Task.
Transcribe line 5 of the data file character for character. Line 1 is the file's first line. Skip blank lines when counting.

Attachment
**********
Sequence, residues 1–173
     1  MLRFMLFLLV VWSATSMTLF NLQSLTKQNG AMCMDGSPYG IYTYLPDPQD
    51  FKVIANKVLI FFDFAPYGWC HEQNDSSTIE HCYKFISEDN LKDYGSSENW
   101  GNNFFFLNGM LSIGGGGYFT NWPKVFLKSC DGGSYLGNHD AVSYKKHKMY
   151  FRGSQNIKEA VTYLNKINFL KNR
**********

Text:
   151  FRGSQNIKEA VTYLNKINFL KNR